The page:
Association of Sociodemographic Factors with Needle Sharing and Number of Sex Partners Among People who Inject Drugs in Egypt
Sakia Anwar, Ehab El Kharrat, Atef Bakhoum, Wafaa M. El-Sadr, Tiffany G. Harris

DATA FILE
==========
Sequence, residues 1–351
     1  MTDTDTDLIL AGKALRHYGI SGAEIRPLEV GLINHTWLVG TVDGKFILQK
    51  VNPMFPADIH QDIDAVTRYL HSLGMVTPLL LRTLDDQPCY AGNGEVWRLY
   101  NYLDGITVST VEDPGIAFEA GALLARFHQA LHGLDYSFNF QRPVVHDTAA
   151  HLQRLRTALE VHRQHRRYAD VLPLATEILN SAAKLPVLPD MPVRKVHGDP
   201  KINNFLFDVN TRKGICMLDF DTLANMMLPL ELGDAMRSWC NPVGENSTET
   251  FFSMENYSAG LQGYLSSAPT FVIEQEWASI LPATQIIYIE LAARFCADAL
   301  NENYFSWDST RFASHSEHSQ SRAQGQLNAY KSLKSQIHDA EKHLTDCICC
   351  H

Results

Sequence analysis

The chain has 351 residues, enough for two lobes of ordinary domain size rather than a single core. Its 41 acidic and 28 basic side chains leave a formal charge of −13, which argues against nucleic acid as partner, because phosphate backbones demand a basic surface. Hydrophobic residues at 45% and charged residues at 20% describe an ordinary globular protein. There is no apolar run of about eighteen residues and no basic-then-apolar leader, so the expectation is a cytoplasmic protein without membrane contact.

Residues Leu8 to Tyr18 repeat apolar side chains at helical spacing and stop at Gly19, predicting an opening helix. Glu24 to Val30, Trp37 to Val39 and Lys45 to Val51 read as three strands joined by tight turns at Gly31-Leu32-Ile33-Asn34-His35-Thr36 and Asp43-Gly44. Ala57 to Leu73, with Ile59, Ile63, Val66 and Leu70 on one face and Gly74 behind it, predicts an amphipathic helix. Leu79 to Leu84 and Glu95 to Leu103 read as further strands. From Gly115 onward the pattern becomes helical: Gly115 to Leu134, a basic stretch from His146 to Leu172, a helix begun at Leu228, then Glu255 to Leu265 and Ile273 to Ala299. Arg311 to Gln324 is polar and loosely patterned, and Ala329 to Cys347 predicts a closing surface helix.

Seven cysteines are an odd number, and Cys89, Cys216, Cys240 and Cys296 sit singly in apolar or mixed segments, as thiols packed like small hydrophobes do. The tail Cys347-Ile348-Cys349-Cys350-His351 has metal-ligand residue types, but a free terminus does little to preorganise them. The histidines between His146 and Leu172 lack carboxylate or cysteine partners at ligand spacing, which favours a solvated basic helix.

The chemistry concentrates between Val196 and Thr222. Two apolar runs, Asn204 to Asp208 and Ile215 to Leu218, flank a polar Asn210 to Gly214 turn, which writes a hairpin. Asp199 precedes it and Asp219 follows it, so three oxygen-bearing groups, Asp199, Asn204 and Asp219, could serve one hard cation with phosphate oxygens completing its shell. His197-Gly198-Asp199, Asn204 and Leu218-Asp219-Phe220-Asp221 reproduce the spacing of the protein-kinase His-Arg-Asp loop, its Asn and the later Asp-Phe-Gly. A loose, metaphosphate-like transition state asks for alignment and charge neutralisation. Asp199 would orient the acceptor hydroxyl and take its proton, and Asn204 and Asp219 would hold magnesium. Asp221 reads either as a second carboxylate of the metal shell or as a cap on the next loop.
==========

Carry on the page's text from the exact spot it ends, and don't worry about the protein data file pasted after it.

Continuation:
People who inject drugs (PWID) are at a high risk for HIV. We conducted an evaluation of socio-demographic factors associated with injecting and sexual behaviour among PWID who had two or more visits at a drug outreach clinic in Cairo, Egypt from 2013 to 2017. Routinely collected information on socio-demographics and HIV risk behaviours were abstracted from client records. Bivariate analysis and logistic regression were conducted to evaluate associations between socio-demographics and HIV risk factors. All PWID who tested HIV-positive at the initial visit were excluded from analyses. PWID who were married were more likely to share needles or syringes in the last month of their baseline visit [adjusted odds ratio (aOR) = 4.3, 95% confidence interval (CI) = 1.4-13.1] as were unemployed PWID [aOR = 3.9, 95% CI = 1.5-10.3]. Married PWID were less likely to discontinue sharing needles/syringes [aOR = 0.4, 95% CI = 0.2-0.8] as were those living outside of the Shobra, downtown, and Imbabah districts within Greater Cairo [aOR = 0.2, 95% CI = 0.1-0.5]. No significant associations were found between socio-demographics and number of sex partners in the six months prior to the initial visit. At follow-up visit, 4.4% tested HIV-positive for an incidence rate of 3.9 per 100 person years. Sociodemographic factors should be considered when designing preventive services for PWID.